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Duncan Jones’ Warcraft: The Beginning

How much you’ll get out of Warcraft: The Beginning may depend on how much you’re willing to engage with the fantasy genre itself; the film is serious-faced high-fantasy and isn’t ashamed of it. This is fine. Where the film wobbles is in being a prequel rather than simply the first in a series, a film that explains how the war between humans and orcs came about without that war ever having presented on film. Unashamedly presenting fantasy film tropes is one thing; assuming an existing audience investment in videogame source material is another.

Without any knowledge of Warcraft myself beyond its existence and a few memes I was at a disadvantage, but Duncan Jones — formerly of the perfect Moon and the slightly less perfect Source Code — gets through the exposition as painlessly as possible. A little too painlessly, if anything; the film could have, and should have, been longer.

It’s unusual for me to wish any film was longer — I’m a firm believer that films shouldn’t be longer than 90 minutes without a note from the parents, and I’m adamant that you could boil a solid 45 minutes out of Captain America: Civil War — but in the case of Warcraft, at just a smidgen over two hours, everything could have done with just a little more room to breathe: a brief voiceover and a brawl between two unnamed opponents sets the scene, and little time is spent explaining anything along the way. The upshot is everything feels slightly rushed, as if the audience is expected to either know the background or be prepared to look things up later: blink, and you’ll miss key moments of exposition; take a quick bathroom break and you can miss whole scenes: there’s a Glenn Close cameo in particular that felt as if it should have been more meaningful, but instead her scene is brief, baffling, and any explanation for it trimmed to the bone.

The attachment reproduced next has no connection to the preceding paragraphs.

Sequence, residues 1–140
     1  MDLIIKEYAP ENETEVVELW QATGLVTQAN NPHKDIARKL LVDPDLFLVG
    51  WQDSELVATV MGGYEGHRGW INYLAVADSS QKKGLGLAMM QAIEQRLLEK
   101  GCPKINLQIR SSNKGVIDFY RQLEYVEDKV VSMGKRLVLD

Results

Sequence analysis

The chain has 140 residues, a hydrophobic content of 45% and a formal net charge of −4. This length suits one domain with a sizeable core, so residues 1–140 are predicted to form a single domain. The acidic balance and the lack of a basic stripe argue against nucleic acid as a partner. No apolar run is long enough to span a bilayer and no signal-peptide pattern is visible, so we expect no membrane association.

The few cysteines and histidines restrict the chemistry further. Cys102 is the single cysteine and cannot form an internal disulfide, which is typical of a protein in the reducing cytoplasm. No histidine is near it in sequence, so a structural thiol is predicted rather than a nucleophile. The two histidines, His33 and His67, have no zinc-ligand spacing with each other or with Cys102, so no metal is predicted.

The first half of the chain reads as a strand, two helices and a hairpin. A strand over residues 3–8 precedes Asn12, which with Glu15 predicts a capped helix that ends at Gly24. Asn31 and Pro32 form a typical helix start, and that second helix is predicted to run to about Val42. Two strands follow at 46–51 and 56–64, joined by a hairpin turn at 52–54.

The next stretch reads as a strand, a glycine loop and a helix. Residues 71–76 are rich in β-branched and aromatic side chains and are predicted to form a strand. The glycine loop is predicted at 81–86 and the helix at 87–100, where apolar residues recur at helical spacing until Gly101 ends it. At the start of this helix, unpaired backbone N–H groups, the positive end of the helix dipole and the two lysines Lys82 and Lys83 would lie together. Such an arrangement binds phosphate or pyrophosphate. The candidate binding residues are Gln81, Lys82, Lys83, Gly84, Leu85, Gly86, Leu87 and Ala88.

The film also struggles to get across the size of the world. A birds-eye view of the conflict as a series of villages fall to the orcs comes across as cartoonish rather than epic, and a heavy use of portals and teleportation spells make it tricky to get a bead on where things are in relation to anything else.

Fortunately, issues with lore, length and draw-distance aside, Warcraft: The Beginning is still pleasantly enjoyable. The film is undeniably a looker: Azeroth may lack a horizon, but the lush forestry, terracotta wastelands and blue, icy cliffs are all a treat after the drab palette every superhero film has settled upon as a standard. Action sequences are fun and coherently choreographed, and the motion-captured performances the best I’ve ever seen, the computer-generated orcs expressing as much subtlety and nuance as the human characters, who are also all performed well.

That nuance extends to characterisation, with several on both sides of the fight expressing doubts and fears over their own causes, helping the film avoid falling into a rote, racially-dubious Good White Humans vs. Evil Dark Monsters battle. The story itself is refreshingly unpredictable and generally avoids cliché, and it’s clear that Jones knows how to put convincing relationships on film; everyone here felt real and fleshed out.

Warcraft: The Beginning is, in the end, another John Carter or Pacific Rim: a flawed piece set in an expertly-drawn world with enough to speak highly of that those flaws don’t sink the film. The film’s “The Beginning” suffix seems optimistic; I’d be surprised if the film does well enough to warrant a sequel, but I’ll be just as surprised if it doesn’t find a devoted niche somewhere out there. It’s worth a look, and it won’t take up much of your day.

By Paul Haine, in